I agree entirely. My dad worked hard to by his house and after he died mum got dementia. We did everything possible to look after her and keep her in her own home but eventually it was taken out of our hands and she had to go into a care home. The cost was over £1000 a week. If she didn't own her house we would have at least have had some financial help. The whole system seems very unfair.

Edited by Rollypolly

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We have an ever-growing population in which people are living longer - or at least being kept alive for longer. The need for more and more social care will only increase in future. In principle, I agree that taxes need to be increased to cater for this ever growing need, but under the current system, any extra tax revenue raised would only go to line the pockets of greedy private sector contractors or would be frittered away by understaffed, inefficient, badly managed Local Councils.

 

These days, when people who need additional care - either in a residential  Care Home or in their own homes - after being discharged from hospital or becoming too infirm to look after themselves - they are just dumped on local Councils' Social Services departments. The local councils can't cope, so the people are pushed into privately run Care Homes or contracted out to privately run  Care-in-your-own- home  companies. The private companies are paid huge sums of public money  but because they are only interested in profit, they are usually understaffed, with poorly paid, poorly trained people who give an inadequate service to their clients.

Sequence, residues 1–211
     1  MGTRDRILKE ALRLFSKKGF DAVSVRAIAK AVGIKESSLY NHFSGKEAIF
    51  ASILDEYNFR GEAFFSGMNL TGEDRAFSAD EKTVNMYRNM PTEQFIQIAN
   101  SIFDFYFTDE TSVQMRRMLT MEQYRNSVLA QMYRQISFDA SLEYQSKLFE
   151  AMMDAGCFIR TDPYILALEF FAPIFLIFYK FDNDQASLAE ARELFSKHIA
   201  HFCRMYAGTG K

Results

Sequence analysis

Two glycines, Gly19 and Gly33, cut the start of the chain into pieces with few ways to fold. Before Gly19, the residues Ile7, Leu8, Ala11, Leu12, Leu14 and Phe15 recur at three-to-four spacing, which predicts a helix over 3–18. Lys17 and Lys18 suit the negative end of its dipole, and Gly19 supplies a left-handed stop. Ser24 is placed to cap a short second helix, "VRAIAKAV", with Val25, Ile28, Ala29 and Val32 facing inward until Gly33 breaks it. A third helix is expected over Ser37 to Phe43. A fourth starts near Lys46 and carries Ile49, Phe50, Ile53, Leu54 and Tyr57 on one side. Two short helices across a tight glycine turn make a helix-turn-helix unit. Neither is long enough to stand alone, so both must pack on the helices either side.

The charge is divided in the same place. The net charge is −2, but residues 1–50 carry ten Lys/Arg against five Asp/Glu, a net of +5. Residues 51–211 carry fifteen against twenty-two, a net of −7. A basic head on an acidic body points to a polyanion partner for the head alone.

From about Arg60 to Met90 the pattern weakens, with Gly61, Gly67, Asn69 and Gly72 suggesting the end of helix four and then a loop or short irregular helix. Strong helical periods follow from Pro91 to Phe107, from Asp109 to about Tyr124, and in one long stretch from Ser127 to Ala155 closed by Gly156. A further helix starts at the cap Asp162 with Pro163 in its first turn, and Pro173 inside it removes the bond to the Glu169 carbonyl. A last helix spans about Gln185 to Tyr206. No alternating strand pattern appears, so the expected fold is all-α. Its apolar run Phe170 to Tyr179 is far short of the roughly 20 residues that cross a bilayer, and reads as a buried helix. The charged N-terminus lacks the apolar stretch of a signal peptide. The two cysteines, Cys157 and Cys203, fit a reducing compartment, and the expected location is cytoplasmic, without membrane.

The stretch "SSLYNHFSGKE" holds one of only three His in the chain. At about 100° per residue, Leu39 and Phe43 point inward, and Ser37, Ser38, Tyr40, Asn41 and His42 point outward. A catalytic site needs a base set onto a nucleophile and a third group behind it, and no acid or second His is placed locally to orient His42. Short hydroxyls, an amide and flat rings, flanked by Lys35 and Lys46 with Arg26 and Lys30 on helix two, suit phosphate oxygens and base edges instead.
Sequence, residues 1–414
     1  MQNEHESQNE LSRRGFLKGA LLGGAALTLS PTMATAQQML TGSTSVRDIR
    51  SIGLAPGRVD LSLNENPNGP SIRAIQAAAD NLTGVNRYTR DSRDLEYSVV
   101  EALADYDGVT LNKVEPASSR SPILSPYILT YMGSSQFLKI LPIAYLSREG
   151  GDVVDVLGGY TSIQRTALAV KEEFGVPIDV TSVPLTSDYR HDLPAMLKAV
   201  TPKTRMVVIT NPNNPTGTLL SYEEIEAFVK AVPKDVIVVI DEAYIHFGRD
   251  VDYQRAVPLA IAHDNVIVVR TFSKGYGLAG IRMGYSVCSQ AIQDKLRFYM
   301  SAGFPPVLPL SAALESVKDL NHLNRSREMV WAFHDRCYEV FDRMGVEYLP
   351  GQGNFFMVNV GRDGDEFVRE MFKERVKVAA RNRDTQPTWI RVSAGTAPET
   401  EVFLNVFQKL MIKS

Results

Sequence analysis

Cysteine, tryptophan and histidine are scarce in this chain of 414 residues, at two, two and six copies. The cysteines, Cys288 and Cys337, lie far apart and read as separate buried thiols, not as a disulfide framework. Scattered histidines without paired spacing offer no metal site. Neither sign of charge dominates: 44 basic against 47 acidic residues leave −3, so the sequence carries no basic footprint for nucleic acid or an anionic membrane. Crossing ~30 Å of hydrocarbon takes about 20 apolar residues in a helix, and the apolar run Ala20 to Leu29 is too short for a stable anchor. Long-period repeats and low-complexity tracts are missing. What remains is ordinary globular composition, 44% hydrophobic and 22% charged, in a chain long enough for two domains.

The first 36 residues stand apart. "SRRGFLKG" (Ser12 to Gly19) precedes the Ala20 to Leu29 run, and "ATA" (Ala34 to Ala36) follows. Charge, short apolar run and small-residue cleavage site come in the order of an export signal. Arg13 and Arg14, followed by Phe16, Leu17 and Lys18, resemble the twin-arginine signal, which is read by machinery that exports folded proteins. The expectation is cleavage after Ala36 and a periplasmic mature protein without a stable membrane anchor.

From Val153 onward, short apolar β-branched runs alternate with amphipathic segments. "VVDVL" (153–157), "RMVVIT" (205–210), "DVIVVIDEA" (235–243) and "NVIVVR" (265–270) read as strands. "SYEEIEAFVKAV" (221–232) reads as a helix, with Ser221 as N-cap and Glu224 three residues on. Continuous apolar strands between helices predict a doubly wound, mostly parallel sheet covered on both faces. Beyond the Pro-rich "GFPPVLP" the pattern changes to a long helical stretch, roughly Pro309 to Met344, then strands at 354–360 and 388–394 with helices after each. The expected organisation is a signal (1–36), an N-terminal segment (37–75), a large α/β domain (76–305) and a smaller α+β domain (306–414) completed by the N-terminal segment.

My own view is that all social care should be provided by the Government, none of it should be hived off to the Private Sector and no-one should have to sell their home or spend their life savings to get the care they need when they are too old or too ill/disabled to look after themselves. I think the Government should set up and entirely new department - The National Social Care Service. This new service should be publicly funded and should have sole responsibility for the provision & management of all social care in  residential  Care Homes and for giving people care in their own homes.  When a hospital or GP feels a patient needs social care, they would refer them to this National Social Care Service - who would recruit and train their own staff, pay them decent wages and give them decent working conditions. The new service would also be responsible for ensuring that people being cared for in their own homes are given all the equipment and home-adaptations they need to help keep them as independent as possible - like providing wheelchairs, beds etc, or installing wheelchair ramps, upgrading bathrooms & kitchens

 

I know my idea sounds utopian and is unlikely to ever happen, but I think the only way to improve existing dire social care is not just to raise taxes and throw more money into a system that already isn't working. The provision of social care needs root-and-branch reform and a whole new way of delivering it. By all means, raise more money by increasing taxes - but the extra money needs to be spent more wisely too.